Royal gossip is such a crapshoot these days. You never know which part of any story, interview or narrative will blow up into some royal-commentator’s hissy fit. When the Duke and Duchess of Sussex announced the birth of their daughter on Sunday, the commentators were caught off-guard by the lack of leaks from Montecito and the lack of leaks from their palace sources. If palace aides in Kensington Palace, Clarence House and Buckingham Palace had known anything about the birth of Lilibet Diana, that would have been the front page of all the Sunday papers in the UK. So that became the bizarre focus – partially – of the royal rota in the days since. Why didn’t Harry inform palace aides? What did the Queen know and when did she know it? Did the Queen give her “permission” to use her nickname for baby Lilibet Diana?
Sources close to the Montecito palace (heh) have insisted that Harry informed his grandmother both of Lilibet Diana’s birth and her name. The royal rota doesn’t know what to do with that information, and neither do palace aides. I feel like there are people freaking out in Buckingham Palace at the thought of the Queen chatting with Harry regularly and not informing them about it. All of which leads to this story, from the BBC:
The Queen was not asked by the Duke and Duchess of Sussex about naming their daughter Lilibet, a Palace source has told the BBC. The source disputed reports in the wake of the announcement of the name that Prince Harry and Meghan had spoken to the Queen before the birth.
But a Sussexes’ spokesperson insisted they would not have used the name had the Queen not been supportive. They said the monarch was the first family member the duke had called. The spokesperson said: “The duke spoke with his family in advance of the announcement – in fact his grandmother was the first family member he called. During that conversation, he shared their hope of naming their daughter Lilibet in her honour. Had she not been supportive, they would not have used the name.”
Following Lilibet’s birth, it was widely presumed that Harry and Meghan had first spoken to the Queen about the choice of name. There were subsequent stories in the press quoting “friends” of the couple who strongly suggested that Harry had sought permission from his grandmother.
The Times also reported that it understood the Queen had been informed by Harry about the name. And a source close to the Sussexes also told the BBC that Harry had spoken to the Queen before the birth and “would have mentioned the name” – claims a Palace source has since disputed.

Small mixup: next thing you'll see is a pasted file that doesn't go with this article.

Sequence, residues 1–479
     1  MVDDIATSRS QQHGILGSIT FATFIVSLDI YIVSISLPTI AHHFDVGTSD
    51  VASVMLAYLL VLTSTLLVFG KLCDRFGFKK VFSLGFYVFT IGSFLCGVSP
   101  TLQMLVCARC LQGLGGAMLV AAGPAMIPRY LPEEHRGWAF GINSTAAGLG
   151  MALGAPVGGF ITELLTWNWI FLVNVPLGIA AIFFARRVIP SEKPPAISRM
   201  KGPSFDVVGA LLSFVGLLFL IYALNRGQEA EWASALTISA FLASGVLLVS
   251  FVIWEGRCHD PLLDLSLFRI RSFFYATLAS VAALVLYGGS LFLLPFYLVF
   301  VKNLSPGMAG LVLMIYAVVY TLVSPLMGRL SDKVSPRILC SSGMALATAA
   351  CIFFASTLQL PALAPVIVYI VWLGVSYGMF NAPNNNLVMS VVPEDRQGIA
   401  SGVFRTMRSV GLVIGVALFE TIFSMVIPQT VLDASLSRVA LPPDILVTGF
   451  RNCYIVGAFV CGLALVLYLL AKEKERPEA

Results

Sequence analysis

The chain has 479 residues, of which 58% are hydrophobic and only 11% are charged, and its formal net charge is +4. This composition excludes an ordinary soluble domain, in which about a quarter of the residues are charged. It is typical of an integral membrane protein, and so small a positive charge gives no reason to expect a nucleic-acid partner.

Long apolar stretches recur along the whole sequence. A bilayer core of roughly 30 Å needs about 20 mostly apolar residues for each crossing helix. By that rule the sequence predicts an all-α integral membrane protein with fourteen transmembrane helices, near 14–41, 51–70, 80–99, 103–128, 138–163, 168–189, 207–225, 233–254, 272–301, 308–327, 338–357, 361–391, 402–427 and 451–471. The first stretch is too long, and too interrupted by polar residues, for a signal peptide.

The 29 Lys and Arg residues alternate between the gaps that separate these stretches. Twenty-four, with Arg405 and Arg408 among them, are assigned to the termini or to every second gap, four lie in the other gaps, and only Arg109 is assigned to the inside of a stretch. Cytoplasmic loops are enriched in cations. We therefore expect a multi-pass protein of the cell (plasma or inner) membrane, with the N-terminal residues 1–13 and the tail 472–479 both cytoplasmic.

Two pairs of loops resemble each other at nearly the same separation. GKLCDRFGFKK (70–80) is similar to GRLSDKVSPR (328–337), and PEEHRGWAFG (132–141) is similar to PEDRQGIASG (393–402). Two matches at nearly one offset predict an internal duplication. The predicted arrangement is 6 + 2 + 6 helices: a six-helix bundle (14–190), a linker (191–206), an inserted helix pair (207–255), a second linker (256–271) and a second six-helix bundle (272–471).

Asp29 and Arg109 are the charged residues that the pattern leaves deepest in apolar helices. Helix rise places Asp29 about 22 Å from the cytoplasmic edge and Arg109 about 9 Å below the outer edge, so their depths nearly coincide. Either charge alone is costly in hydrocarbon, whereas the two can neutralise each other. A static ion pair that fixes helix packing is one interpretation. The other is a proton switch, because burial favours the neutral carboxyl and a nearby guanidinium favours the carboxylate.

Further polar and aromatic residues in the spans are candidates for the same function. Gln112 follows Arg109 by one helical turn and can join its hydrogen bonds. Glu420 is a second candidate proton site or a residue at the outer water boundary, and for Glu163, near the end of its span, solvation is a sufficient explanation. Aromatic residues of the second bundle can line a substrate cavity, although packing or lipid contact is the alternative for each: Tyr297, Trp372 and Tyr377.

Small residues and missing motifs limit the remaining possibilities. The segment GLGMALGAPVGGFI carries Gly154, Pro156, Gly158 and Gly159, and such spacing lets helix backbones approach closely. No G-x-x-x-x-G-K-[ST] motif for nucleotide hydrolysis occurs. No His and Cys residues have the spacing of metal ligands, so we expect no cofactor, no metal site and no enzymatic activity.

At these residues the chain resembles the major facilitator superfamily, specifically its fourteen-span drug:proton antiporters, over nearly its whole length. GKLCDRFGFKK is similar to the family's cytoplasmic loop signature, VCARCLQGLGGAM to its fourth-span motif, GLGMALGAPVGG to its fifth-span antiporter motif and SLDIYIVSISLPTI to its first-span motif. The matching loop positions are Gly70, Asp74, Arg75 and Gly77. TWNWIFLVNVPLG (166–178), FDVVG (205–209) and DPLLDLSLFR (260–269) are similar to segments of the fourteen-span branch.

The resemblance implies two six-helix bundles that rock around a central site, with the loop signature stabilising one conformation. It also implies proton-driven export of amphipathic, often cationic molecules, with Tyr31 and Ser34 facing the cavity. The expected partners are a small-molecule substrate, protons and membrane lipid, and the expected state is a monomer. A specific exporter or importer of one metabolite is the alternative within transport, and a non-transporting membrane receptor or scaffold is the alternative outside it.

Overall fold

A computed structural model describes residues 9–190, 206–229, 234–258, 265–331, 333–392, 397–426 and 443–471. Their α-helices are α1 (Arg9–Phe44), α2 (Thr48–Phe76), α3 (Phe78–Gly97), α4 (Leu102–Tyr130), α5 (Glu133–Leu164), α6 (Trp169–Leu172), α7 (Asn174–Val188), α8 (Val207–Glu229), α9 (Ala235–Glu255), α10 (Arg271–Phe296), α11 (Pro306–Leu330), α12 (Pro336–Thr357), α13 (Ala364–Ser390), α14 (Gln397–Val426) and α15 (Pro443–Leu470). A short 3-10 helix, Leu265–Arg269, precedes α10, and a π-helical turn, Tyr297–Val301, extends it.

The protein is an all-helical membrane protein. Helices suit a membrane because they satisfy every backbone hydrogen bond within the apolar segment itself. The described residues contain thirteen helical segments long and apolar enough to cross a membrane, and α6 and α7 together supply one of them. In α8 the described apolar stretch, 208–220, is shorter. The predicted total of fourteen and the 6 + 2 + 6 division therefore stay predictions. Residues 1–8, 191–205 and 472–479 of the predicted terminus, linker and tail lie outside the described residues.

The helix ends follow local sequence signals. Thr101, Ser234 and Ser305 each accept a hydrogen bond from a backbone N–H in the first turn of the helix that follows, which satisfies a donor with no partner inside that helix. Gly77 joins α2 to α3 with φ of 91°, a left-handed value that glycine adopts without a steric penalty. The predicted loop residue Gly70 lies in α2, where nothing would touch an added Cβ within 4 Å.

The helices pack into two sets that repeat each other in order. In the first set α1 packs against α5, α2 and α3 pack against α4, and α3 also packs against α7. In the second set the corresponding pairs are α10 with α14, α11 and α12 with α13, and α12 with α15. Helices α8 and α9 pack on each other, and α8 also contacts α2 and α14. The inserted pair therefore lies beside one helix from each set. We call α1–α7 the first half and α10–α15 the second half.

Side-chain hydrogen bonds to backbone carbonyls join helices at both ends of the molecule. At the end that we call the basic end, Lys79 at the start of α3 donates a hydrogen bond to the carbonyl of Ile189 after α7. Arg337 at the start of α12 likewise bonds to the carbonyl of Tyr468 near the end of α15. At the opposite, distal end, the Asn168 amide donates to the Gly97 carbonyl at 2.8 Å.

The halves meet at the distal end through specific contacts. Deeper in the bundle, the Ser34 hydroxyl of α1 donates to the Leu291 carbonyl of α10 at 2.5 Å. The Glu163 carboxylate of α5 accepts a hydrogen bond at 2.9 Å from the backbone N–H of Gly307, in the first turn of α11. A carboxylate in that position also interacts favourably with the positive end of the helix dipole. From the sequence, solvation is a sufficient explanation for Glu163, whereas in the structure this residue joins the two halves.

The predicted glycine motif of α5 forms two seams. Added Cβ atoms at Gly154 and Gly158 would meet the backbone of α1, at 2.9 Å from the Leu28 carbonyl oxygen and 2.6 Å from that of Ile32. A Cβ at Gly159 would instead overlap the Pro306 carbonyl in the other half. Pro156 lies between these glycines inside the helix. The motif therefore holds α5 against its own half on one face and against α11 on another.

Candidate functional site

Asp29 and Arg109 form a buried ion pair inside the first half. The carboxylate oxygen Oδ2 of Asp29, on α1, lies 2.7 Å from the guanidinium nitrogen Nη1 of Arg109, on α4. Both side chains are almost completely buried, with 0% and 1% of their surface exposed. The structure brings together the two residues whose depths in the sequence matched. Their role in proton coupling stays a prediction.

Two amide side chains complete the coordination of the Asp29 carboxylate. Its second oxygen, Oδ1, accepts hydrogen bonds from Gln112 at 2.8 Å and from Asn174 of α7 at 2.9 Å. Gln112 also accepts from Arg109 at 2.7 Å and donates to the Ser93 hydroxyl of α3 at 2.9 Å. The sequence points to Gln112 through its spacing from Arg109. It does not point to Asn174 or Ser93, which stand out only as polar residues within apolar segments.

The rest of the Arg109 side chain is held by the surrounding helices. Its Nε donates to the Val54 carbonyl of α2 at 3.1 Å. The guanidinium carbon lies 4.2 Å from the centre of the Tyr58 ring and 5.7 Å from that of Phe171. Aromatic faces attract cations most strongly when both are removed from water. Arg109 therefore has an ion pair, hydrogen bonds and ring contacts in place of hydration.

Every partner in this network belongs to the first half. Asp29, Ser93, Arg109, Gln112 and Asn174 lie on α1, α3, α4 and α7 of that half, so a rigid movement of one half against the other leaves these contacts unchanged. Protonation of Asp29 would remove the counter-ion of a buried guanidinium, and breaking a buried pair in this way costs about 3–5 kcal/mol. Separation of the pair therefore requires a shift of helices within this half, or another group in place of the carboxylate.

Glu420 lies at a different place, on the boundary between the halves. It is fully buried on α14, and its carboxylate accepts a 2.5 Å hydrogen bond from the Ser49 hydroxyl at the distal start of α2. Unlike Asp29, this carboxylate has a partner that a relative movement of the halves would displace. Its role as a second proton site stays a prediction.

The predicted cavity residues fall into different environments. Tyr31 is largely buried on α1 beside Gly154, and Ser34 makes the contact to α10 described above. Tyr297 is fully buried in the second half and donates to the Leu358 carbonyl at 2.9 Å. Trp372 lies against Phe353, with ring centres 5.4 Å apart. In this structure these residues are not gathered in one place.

Just to recap, the Sussexes’ spokesperson is saying clearly and on the record that Harry spoke to his grandmother before and after Meghan gave birth, that the Queen knew about Lilibet Diana before the Sunday morning announcement, and that the Queen had been supportive (however explicitly or implicitly) of the use of her nickname. And an unnamed “palace source” is refuting the part about Lili Diana’s name. There’s an effort afoot to insist that Harry “blindsided” his grandmother about the name specifically. Because those palace sources can’t claim that Harry never called his grandmother, because A) they don’t know and B) they suspect it’s the truth and they’re mad that the Queen didn’t tell them. So they’re making it all about “Harry didn’t tell granny about the name.”
Omid makes a point:
Those close to Prince Harry confirm that he spoke to close family before the announcement so perhaps this report highlights just how far removed aides within the institution (who learned of the baby news alongside the rest of the world) now are from the Sussexes’ private matters.
— Omid Scobie (@scobie) June 9, 2021
Update: According to the Times of London, the Sussexes “issued a legal warning” against the BBC for this report. The Sussexes are saying it’s libelous to claim that they didn’t consult the Queen about Lilibet’s name, and they’re threatening to sue the BBC.
Photos courtesy of Avalon Red, Backgrid.